German police have arrested four men suspected of delivering valves for a heavy water reactor to Iran, breaking an embargo on such exports to the Islamic Republic imposed over its disputed nuclear program.
Three men with joint Iranian-German nationality, identified only as Kianzad Ka., Gholamali Ka. and Hamid Kh., and German national Rudolf M. were picked up early Wednesday by a force comprising 90 officers.
“The accused are believed to have contributed in 2010 and 2011 to the delivery of special valves for the construction of a heavy water reactor in Iran and thereby contravened the Iran embargo,” prosecutors said.
The four are accused of breaking both an arms embargo and export restrictions on goods that can be used for both civil and military purposes.
Prosecutors did not name the plant, but Iran is building a heavy water research reactor near the central town of Arak, a type which Western experts say could produce plutonium for nuclear weapons.
Iran, which has said it hopes to bring Arak on line by the end of 2013, says its nuclear program is entirely peaceful and that the reactor will produce isotopes for medical and agricultural use.
To avoid export controls, the men are suspected of having described their customer as a firm based in Turkey and Azerbaijan.
“The deliveries were part of an order worth several million euros (dollars) which Iran was trying to use to secure the necessary valve technology to make a heavy water reactor,” said the prosecutors.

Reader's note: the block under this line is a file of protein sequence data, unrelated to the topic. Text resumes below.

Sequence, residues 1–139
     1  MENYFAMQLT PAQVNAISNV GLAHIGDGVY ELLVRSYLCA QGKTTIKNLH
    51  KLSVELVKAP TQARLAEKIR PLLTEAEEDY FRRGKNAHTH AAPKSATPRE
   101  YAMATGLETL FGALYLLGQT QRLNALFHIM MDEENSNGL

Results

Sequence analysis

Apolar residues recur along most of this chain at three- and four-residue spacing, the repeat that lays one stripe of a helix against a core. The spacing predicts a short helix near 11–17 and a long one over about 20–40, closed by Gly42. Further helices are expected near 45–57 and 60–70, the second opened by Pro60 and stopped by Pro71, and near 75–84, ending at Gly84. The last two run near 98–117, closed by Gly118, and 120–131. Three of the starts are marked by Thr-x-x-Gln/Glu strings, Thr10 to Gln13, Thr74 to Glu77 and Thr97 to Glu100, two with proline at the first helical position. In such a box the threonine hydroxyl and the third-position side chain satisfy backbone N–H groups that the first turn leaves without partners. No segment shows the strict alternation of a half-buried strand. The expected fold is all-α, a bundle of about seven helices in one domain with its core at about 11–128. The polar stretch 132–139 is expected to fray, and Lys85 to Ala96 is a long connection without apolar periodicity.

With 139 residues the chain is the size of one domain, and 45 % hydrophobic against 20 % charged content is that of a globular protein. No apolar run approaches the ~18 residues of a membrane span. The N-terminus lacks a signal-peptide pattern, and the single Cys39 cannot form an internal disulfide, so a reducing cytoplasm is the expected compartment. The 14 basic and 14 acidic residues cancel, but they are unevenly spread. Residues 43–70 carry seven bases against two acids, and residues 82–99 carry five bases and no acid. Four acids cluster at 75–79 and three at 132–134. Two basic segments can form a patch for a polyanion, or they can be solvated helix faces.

The men were therefore suspected of breaking Germany’s law on foreign trade and breaching military weapons controls.
Sanctions slowing nuclear advances?
A Washington-based think-tank, the Institute for Science and International Security (ISIS), said Iran’s aim to start operating Arak in 2013 could be “delayed because of problems acquiring necessary items overseas or in building the reactor”.
Analysts say increasingly tough sanctions and suspected sabotage are slowing Iran’s nuclear advances.
Once up and running, the Arak reactor could produce about 9 kg of plutonium annually, or enough for about two nuclear weapons each year, if operating optimally, ISIS said on its website.
Iran has been hit with several rounds of U.N. sanctions, plus tougher measures imposed by the European Union and United States, since 2006 due to its refusal to suspend enrichment of uranium, a process that yields fuel for nuclear power stations but also nuclear bombs, depending on the level of refinement.
The world’s No. 5 oil exporter, says it does not want to build a bomb but rather needs nuclear energy for electricity to meet the needs of a rapidly expanding population.
On Tuesday, Standard Chartered Plc reached a $340 million settlement with New York’s bank regulator for transactions linked to Iran although the bank may still face investigations into transactions by other U.S. agencies.
The New York Financial Services Superintendent had this month accused Standard Chartered of breaking U.S. sanctions on Iran, saying it had hidden Iran-linked transactions worth a total of $250 billion from regulators.